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Several members of a new electronic records advisory committee, appointed by U.S. Archivist Allen Weinstein, will gather later this month to gain deeper insights into the federal Electronic Records Archives (ERA) program.
As part of ERA's next phase, the committee members will meet in Washington, D.C. "This is our first opportunity to see how it works," said David Carmicheal, president of the Council of State Archivists (COSA) and a committee member.
A Glowing Report from the National Archives and Records Administrationâ€™s Southeast Regional facility. Allen Weinstein, archivist of the United States, gave welcoming remarks to the 250+ guests and staff saying, "Thereâ€™s no place like this in the country."
The reason, he said, was that this building, along with its location, is a prototype for archival institutions to come. Weinstein went on to talk about the importance of having a National Archive and commended the Atlanta Regional Commission on Higher Education for their support of the archives as a way to promote democracy.
The Depository Library Council (DLC) invites the library community and general public to answer questions and post comments about the type of future they see for government information on their new blog, located at http://dlcvisionoutline.blogspot.com/.
Some of the topics that all citizens are being asked to consider are:
Take a look around, read a few of the background documents, and tell the Depository Library Council what kind of government information future the citizens of this country expect.
If you think that the blog postings only make sense to documents librarians, tell them that too. The DLC is looking for a vision that embraces all users of government information, not just depository librarians!
Washington Technology Reports The National Archives and Records Administration has successfully achieved all major targets thus far for its Electronic Records Archives project to manage petabytes of information.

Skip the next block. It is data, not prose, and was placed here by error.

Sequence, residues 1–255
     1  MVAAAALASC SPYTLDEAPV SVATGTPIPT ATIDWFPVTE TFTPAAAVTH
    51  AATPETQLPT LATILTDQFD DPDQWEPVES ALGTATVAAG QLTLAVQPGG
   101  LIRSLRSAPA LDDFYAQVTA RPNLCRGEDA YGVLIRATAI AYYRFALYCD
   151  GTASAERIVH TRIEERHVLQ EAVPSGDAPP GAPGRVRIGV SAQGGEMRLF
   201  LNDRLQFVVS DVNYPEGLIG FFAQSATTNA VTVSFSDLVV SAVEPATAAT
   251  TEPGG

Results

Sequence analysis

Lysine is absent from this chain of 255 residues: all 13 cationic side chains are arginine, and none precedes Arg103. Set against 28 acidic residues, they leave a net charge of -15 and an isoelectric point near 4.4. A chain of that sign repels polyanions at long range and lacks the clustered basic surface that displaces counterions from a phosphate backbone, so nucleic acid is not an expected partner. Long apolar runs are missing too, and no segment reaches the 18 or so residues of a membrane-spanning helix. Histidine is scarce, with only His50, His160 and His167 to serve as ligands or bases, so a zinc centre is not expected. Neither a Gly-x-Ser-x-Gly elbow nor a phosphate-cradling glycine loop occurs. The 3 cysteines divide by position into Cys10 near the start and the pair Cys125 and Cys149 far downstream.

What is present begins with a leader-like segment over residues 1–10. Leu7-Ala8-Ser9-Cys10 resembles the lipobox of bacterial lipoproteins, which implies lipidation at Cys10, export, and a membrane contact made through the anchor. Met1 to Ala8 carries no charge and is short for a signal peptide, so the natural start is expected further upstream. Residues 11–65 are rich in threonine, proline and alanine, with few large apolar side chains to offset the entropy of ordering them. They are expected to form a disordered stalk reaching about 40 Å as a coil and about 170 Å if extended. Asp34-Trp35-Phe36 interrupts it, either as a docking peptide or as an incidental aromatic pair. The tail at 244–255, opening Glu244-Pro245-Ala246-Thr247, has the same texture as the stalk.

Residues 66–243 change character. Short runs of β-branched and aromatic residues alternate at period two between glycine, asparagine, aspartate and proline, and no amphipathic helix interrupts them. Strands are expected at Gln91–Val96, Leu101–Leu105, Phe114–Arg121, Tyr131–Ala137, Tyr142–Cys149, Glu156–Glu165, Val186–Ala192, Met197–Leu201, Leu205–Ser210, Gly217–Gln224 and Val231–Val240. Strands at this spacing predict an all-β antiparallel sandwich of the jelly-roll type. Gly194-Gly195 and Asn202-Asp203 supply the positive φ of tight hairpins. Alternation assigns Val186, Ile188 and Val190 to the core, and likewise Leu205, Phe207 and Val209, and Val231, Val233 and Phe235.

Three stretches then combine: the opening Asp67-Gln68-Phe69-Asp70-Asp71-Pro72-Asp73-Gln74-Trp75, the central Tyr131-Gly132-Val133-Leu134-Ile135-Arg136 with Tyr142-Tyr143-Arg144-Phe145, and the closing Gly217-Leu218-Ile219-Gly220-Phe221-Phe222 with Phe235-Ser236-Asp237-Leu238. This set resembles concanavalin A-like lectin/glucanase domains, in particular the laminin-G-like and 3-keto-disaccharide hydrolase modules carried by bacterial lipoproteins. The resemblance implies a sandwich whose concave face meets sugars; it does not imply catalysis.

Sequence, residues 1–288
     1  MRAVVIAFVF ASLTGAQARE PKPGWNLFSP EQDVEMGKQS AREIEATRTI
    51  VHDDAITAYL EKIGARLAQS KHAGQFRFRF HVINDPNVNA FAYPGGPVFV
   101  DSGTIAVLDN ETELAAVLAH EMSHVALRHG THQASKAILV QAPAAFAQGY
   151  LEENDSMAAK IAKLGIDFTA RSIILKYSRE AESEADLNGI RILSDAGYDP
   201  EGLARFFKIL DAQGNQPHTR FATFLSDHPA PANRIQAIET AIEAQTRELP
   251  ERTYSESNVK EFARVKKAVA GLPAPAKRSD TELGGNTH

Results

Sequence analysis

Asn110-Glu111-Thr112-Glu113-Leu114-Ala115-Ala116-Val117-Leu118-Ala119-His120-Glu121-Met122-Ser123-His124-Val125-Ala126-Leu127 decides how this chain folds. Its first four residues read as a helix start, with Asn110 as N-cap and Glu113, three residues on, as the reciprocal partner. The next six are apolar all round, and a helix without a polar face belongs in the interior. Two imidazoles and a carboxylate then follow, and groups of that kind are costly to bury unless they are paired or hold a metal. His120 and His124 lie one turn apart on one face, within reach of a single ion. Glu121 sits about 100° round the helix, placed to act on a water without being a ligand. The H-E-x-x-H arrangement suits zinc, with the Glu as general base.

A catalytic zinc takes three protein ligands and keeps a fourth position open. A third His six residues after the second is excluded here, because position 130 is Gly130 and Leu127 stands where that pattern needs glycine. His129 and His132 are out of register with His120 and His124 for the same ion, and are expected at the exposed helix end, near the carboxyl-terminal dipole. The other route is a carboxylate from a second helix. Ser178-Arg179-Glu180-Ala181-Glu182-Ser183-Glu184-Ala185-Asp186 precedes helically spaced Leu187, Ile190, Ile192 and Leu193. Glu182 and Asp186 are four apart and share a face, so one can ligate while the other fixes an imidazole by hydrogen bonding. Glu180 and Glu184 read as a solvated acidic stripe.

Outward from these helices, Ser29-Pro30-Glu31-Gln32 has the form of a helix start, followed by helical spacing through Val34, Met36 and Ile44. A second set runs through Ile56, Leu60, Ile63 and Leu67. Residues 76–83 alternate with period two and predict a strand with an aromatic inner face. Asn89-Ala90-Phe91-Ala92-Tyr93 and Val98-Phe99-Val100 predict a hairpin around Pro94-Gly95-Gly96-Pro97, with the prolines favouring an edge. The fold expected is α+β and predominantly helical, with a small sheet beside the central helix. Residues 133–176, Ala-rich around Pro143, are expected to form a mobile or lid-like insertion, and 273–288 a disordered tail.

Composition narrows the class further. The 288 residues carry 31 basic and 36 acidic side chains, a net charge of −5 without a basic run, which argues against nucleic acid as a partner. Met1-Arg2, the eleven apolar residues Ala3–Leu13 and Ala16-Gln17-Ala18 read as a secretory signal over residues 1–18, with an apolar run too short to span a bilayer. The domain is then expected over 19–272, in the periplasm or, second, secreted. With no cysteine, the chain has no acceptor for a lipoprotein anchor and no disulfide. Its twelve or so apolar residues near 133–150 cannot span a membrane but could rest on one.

But the project still could be at risk of failure from a lack of specifications about its future size, access needs and preservation requirements, according to a new audit from the Government Accountability Office.
Kelly writes "Somebody is putting CRS reports online, including RSS feeds of them! According to this article from the June 28, 2005 Washington Post
It's a bit like Napster -- but for policy wonks...The Center for Democracy and Technology has created an online database of Congressional Research Service reports that anyone with an Internet connection can now tap free of charge. The often-coveted but elusive reports are produced by CRS, a public policy research arm of Congress. CRS, which boasts hundreds of analysts and a $100 million budget, churns out hundreds of briefs each year on a wide range of topics.
The URL for this site is: http://www.opencrs.com. The URL for the article is: http://www.washingtonpost.com/wp-dyn/content/artic le/2005/06/27/AR2005062701509.html -- Read More
Anonymous Patron writes "fcw.com Covers THe New PDF/A standard preps electronic documents for long-term archiving After seeking input from vendors, academia, federal agencies and others for help, Adobe and the U.S. Courts founded the Association for Information and Image Management's standards working group. The International Organization for Standardization (ISO) has approved the working group's results: the PDF Archival (PDF/A) standard. The standard will be available from ISO after publication in about a month at iso.org, according to a National Information Standards Organization newsletter.
Anonymous Patron writes "The Fading Memory of the State is a technologyreview.com piece on NARA. They say Electronic records rot much faster than paper ones, and NARA must either figure out how to save them permanently, or allow the nation to lose its grip on history."
Slashdot Points The Way to News From The GPO. GPO is working with the library community on a national digitization plan, with the goal of digitizing a complete legacy collection of tangible U.S. Government publications. The objective is to ensure that the digital collection is available, in the public domain, for no-fee permanent public access through the FDLP.
STLtoday Reports Archivists are about to unseal a mother lode of military history along Page Avenue in Overland, Missouri.
A ceremony Saturday at the National Personnel Records Center will mark the opening of military files that until now have been off-limits to most Americans.In their drawn-out negotiations, the Pentagon and the National Archives decided to keep the records sealed until 62 years past the date an individual left active service.
That puts most World War II records out of reach for several more years.
Kathleen writes "The National Freedom of Information Coalition, which advocates for open government held its 2005 conference.
Associated Press President and CEO Tom Curley stated,"We all need to do a better job of persuading the public that freedom of information is not a media privilege but a key part of what keeps other freedoms alive for all."
Curley cited some encouraging developments in recent months, such as the Sunshine in Government Initiative by the AP and seven journalism organizations. The coalition, which was announced in March, is lobbying for legislation in Congress to speed the release of records under the federal Freedom of Information Act."